P1000698 
Smokey says: Strange... but, for some reason, I don't feel so lopsided anymore... 

To see the flowers on the other side of this doorstep, click here.... and thanks again to Doreen for brightening up our entrance!

 

Thank you for the time you've spent reading my column. If you have learned more than a little vocabulary here and find yourself looking forward to the next story, please know that ongoing support from readers like you helps me to continue writing and publishing these educational missives from France. Your support is vivement apprécié! Donating via PayPal is easy when you use the links below. Merci infiniment! Kristi
 
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"I’ve really enjoyed reading your stories over the years & hope you will continue to delight us with your beautiful photos and thoughtful & charming antidotes of life in the beautiful south of France."
--Jacqueline

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Joyeux Anniversaire, Chief Grape!

Jean-Marc Espinasse
"Vintage 1967"

Joyeux Anniversaire, Chief Grape! To leave a birthday wish for Jean-Marc, click here.



 

Thank you for the time you've spent reading my column. If you have learned more than a little vocabulary here and find yourself looking forward to the next story, please know that ongoing support from readers like you helps me to continue writing and publishing these educational missives from France. Your support is vivement apprécié! Donating via PayPal is easy when you use the links below. Merci infiniment! Kristi
 
♥ Send $10    
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"I’ve really enjoyed reading your stories over the years & hope you will continue to delight us with your beautiful photos and thoughtful & charming antidotes of life in the beautiful south of France."
--Jacqueline

NEWSLETTER SIGN-UP: Has a friend forwarded you this post? Sign-up to receive your own free subscription to French Word-A-Day. Click here


parler métier

I believe I can fly (c) Kristin Espinasse
"She going places... only, sometimes, she wonders just where... " (pictured our 13-year-old daughter, Jackie)

parler métier (par lay may tyay)

    : to talk shop

Example Sentence: Aujourd'hui, Jackie vous invite de parler métier avec elle: est-ce que vous avez un boulot qui vous plaît? Today, Jackie invites you to talk shop with her: do you have a job that you like?

"Mon Futur Métier" by Jackie Espinasse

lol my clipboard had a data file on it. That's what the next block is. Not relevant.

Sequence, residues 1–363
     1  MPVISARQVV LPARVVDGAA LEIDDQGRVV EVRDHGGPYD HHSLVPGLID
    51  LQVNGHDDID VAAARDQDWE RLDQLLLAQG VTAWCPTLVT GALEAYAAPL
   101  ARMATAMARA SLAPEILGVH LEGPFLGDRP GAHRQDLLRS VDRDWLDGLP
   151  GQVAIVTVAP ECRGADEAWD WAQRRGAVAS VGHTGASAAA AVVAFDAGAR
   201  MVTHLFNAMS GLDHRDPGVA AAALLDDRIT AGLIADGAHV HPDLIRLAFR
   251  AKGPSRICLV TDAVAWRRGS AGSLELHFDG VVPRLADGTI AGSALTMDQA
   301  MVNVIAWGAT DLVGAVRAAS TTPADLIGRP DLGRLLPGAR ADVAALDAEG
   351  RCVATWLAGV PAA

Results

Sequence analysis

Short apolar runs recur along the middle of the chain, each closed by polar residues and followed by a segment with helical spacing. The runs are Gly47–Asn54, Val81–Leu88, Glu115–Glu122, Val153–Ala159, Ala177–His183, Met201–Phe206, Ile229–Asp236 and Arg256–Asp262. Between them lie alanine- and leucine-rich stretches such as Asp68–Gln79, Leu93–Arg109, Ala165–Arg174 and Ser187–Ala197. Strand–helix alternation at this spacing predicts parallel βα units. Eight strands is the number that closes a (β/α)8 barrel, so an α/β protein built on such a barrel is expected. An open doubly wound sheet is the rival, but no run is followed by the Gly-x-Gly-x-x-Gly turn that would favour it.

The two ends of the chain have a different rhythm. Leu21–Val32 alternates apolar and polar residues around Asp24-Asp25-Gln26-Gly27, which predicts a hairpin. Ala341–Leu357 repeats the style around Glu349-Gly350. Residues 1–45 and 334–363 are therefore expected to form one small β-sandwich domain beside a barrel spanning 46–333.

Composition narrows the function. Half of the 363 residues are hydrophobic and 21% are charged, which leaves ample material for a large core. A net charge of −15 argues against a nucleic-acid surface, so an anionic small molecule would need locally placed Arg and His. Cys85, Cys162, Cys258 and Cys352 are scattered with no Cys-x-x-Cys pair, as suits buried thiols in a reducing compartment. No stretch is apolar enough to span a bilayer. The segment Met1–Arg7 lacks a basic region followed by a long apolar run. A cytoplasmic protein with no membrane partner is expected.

Note: the following letter was written by 13-year-old Jackie. Mille mercis to our friend Newforest, who edited the French text. For the ENGLISH VERSION, click here.

Bonjour à tous. Vous allez bien? Moi, ça va "nickel"! J’ai une question à vous poser, (si vous pouviez y répondre j'apprécierais beaucoup). Est-ce vraiment aussi dur qu'on le dit de trouver du travail? Je me pose beaucoup de questions à ce sujet, car (malheureusement) moi je n’ai pas beaucoup de notes brillantes!

En ce moment, les professeurs nous répètent tout le temps qu'on doit savoir dès maintenant quel métier on fera quand on sera grand. Quant à moi je suis un peu perdue car je n’ai pas trop d’idées à propos de ce que je voudrais faire dans l’avenir.

Travailler dans la mode pourrait être la solution idéale car LA MODE me passionne! Le problème c’est que ça va être dur de trouver un patron qui veuille d’une fille qui n'a pas de bonnes notes. Ils préfèrent celles qui ont un bon bulletin!

Vous allez tous me dire: "IL FAUT TRAVAILLER !" Je suis d'accord mais j’ai vraiment peur de me retrouver dans un métier que je n’aimerais pas....
Choisir un métier pour l'avenir, ce n’est pas aussi facile que ça ... je vous le dis!
S’il y a des gens qui travaillent dans le domaine de la mode, SVP donnez-moi quelques idées sur votre métier. 

Merci d’avoir lu.

--Jackie

Le Coin Commentaires
Do you have a response for Jackie? Can you relate to Jackie's "what to be when I grow up?" dilemma? Thanks for sharing your thoughts with us in the comments box.

English Version: I have put my translation in the comments box. Corrections welcome! :-) 

=> To read Jackie's previous story, about the right to wear makeup, click here.

 

FRENCH VOCAB LIST by Newforest

- nickel = nickel.  It also means spotless, spick-and-span (objects, a room...)  
- ça va "nickel" -> familiar for "ça va très bien, tout va parfaitement" = everything is fine  
- trouver du travail -> here, travail = employment
- dès maintenant = as from now
- un métier = a job, a profession
- être un peu perdu(e) = to be a bit lost, a bit hopeless
- le patron = boss, employer
- les bonnes notes = good marks, good results at school
- le bulletin = school report
- il faut travailler = we / you've got to work
- je suis d'accord = I agree